Commercial property investment in the City of London and the West End has defied Brexit uncertainty to hit £3.2 bn (€3.71 bn) in the first quarter of 2019, more than in the same period of the year before the UK voted out of the European Union.
The figure also represents a 28% increase on Q1 2018 - when investments totalled £2.5 bn (€2.89 bn) - with US buyers driving demand this year, according to research by adviser, Savills. American transactions comprise 45% of the total, achieved by only four properties with a combined value of £1.43 bn (€1.6 bn). Meanwhile, domestic buyers have bought the most, purchasing 23 properties for a combined £906.6 mln (€1.04 bn).
Meanwhile, Citigroup’s £1.1 bn (€1.27 bn) acquisition of its EMEA headquarters in east London’s financial centre, Canary Wharf, is another sign of confidence in the city, Savills said.
Stephen Down, head of central London investment at Savills said: ‘Despite the well-noted uncertainty hanging over the UK at the moment, this has not stopped a number of commercial property investors from recognising London’s innate strength. Several of them actually see now as an opportunity and the deals that are offered to the market still seem to draw in a healthy level of prospective buyers, both domestic and international.
‘We have seen a particularly strong appetite for commercial development and opportunistic stock, which is a response to the structural supply shortage that Central London is facing in the office sector.’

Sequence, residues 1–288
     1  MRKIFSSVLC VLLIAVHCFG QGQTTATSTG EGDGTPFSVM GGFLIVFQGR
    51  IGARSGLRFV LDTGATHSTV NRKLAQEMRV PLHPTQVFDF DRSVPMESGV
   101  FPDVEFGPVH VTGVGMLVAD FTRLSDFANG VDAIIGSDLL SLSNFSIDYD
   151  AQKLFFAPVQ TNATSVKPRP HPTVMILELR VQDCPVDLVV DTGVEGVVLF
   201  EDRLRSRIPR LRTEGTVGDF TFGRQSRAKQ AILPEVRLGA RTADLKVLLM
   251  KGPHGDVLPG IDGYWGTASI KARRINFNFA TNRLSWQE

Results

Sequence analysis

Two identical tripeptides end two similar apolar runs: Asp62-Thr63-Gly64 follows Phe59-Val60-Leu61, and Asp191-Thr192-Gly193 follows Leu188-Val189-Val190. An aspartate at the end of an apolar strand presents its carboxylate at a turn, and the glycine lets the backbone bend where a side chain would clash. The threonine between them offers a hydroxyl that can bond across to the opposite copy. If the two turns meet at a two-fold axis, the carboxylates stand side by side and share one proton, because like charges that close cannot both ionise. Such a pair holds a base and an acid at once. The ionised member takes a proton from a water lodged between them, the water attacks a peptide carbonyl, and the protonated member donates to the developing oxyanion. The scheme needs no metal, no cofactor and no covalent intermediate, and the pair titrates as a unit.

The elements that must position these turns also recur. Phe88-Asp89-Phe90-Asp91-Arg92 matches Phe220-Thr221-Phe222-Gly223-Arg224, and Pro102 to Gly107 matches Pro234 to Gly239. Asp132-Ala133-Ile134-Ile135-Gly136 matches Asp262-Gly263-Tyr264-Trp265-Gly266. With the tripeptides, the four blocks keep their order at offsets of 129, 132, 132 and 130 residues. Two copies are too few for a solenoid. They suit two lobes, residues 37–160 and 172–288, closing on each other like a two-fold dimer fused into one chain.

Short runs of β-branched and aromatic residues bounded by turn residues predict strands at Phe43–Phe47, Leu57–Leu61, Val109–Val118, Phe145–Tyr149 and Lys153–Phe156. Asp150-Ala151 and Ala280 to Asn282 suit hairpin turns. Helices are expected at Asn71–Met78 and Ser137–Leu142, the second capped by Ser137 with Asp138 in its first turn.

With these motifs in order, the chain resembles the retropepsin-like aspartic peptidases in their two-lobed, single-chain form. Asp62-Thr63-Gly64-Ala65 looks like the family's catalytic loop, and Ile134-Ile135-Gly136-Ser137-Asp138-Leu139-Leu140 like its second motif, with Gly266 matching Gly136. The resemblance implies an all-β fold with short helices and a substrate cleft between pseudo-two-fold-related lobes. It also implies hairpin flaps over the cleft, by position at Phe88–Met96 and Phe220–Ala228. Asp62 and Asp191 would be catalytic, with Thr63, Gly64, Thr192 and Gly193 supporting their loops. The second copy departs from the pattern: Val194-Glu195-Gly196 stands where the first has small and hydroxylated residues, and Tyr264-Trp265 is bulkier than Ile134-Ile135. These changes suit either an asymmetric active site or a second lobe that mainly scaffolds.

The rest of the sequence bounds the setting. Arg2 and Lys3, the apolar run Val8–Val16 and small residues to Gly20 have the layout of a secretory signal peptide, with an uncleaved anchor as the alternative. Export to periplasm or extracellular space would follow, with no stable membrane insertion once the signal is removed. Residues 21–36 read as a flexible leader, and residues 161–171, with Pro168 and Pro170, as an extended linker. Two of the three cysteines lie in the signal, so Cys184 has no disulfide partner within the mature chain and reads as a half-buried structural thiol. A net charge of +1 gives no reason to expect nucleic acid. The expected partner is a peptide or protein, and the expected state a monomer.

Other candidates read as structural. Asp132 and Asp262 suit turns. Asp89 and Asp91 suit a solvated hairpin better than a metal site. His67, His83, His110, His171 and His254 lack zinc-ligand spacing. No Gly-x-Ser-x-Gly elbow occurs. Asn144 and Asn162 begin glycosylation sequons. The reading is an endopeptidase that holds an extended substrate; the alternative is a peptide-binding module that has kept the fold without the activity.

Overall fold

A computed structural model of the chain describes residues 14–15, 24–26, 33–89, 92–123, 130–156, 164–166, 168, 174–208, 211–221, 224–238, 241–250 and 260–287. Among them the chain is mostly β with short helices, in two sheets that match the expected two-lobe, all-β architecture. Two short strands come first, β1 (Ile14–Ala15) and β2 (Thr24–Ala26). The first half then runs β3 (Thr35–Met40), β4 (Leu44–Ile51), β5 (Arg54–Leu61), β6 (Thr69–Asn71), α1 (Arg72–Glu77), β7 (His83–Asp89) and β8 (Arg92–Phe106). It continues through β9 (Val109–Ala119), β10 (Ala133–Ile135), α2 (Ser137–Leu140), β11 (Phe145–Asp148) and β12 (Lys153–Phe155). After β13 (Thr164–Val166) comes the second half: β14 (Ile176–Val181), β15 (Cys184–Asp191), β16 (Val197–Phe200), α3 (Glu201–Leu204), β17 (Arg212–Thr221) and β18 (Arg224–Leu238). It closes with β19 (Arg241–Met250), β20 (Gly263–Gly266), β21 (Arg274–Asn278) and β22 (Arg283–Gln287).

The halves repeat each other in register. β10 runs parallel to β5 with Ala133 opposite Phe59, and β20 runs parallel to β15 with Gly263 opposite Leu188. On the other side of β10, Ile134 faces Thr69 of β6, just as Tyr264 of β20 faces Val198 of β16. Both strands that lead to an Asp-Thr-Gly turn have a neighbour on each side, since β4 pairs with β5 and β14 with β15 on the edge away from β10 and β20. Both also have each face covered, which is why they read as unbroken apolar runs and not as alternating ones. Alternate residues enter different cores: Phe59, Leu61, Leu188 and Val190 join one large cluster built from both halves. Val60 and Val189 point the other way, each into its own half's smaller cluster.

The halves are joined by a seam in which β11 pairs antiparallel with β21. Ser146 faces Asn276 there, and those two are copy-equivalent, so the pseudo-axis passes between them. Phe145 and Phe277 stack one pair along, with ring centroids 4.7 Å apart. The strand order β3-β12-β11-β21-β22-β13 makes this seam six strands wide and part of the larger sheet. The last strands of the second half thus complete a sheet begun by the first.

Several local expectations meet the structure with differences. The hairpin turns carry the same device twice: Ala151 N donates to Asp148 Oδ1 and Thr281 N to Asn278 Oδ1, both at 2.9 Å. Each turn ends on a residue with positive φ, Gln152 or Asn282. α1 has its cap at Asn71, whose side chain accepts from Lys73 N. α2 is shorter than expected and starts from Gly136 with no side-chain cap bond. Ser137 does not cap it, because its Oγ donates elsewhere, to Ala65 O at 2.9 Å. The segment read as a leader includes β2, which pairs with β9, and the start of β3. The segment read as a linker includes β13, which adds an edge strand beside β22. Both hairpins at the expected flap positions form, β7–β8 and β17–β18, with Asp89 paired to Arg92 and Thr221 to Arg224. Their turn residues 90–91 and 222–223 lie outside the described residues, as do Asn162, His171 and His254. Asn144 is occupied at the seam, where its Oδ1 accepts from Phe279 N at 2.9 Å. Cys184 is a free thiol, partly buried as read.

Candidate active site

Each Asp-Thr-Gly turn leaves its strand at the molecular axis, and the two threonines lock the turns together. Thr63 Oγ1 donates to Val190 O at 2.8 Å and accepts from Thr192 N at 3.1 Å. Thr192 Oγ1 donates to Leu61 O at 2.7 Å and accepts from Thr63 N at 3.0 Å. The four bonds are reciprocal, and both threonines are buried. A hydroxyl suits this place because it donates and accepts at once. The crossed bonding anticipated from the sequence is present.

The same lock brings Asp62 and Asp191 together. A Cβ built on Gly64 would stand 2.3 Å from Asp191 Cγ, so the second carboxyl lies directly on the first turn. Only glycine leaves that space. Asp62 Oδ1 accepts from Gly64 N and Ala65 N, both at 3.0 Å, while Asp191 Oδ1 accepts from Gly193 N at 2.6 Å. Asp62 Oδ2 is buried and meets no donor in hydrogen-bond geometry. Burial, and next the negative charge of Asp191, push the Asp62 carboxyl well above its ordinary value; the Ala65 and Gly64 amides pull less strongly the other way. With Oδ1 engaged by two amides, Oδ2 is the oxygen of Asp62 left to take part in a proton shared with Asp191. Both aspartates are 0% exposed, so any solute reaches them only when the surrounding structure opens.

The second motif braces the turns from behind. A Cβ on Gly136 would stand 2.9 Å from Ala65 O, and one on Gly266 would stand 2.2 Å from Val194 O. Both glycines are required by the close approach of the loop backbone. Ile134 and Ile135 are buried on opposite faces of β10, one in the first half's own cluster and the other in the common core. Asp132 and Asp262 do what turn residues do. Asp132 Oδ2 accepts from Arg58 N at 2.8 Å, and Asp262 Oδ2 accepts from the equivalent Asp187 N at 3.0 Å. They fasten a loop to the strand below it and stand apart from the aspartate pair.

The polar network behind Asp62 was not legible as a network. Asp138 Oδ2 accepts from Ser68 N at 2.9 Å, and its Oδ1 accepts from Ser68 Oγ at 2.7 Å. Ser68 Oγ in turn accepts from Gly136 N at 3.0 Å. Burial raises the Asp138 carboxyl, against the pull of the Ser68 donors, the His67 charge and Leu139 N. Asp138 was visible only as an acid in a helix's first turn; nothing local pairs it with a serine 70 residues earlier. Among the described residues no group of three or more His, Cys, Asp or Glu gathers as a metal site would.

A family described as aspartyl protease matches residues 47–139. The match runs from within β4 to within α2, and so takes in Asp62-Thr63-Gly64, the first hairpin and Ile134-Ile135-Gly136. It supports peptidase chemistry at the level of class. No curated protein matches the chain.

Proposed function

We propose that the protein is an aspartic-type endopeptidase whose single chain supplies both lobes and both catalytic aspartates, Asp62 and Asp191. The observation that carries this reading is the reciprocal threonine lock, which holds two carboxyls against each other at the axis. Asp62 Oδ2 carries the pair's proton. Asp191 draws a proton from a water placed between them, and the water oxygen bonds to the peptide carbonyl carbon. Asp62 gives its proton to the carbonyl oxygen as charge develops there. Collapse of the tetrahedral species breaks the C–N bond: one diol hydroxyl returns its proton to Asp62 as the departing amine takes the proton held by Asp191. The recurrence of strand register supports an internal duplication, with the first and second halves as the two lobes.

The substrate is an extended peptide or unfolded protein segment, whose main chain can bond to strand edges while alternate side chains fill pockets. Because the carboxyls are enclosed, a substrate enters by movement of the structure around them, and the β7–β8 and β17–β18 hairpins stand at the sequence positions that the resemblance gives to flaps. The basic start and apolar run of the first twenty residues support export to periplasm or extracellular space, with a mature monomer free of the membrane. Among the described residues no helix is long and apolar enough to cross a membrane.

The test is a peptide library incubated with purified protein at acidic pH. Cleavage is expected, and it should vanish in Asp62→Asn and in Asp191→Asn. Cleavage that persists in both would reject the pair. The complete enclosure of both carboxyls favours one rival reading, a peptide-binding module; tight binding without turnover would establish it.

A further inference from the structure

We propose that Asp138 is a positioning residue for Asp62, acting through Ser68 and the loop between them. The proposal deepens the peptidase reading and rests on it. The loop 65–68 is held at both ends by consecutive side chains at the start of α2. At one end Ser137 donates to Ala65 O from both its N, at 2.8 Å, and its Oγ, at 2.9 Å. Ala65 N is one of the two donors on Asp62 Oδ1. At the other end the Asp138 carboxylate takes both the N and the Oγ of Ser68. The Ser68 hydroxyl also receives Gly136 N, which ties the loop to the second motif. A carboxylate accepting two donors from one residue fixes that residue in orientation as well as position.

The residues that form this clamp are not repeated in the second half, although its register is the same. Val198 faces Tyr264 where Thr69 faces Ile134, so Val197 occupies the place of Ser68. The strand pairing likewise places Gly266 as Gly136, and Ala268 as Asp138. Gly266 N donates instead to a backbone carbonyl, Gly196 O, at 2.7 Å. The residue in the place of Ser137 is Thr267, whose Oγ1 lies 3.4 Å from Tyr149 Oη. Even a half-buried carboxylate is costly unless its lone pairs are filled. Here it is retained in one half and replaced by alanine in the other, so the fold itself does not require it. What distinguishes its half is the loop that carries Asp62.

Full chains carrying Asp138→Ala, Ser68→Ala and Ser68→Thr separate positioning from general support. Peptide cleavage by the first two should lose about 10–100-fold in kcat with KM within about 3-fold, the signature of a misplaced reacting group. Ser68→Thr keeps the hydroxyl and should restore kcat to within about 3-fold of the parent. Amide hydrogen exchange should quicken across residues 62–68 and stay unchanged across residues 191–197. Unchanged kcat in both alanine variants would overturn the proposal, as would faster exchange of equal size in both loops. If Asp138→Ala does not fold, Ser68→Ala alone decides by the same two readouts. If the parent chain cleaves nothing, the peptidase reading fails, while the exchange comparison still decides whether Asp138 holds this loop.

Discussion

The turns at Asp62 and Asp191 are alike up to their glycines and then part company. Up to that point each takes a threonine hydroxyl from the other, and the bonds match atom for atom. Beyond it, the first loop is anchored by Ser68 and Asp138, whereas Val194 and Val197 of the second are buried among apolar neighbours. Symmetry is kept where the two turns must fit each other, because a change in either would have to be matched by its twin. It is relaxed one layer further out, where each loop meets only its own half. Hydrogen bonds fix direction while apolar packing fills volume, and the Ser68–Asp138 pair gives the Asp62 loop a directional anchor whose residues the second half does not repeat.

Office take-up dips
Despite the rosy investment picture, office take-up in central London fell 21% year-on-year in the first quarter of 2019, down to 2.9 mln sq ft (883,920 m2), according to research by Knight Frank. A rush to secure pre-lets amid tight supply has been identified as a factor, along with occupiers responding to expansion-led requirements.
Social media giant Facebook made the largest transaction in Q1 this year, acquiring 175,000 sq ft (53,340 m2) at its HQ at Regent’s Place, in Brock Street.
William Beardmore-Gray, head of central London at Knight Frank, said: ‘Despite the Brexit haze, the London leasing market remains resilient. Whilst there remains subdued sentiment across the market, overall office take-up in the first quarter was only four per cent below the long-term first quarter average. Furthermore, with nearly four million sq ft of office space under offer across London, we are facing a supply squeeze.’
Faisal Durrani, associate, London research, Knight Frank said: ‘The bottom line is that the supply pipeline remains restricted, driving occupiers to continue to secure space before it starts to impact their operational strategies.’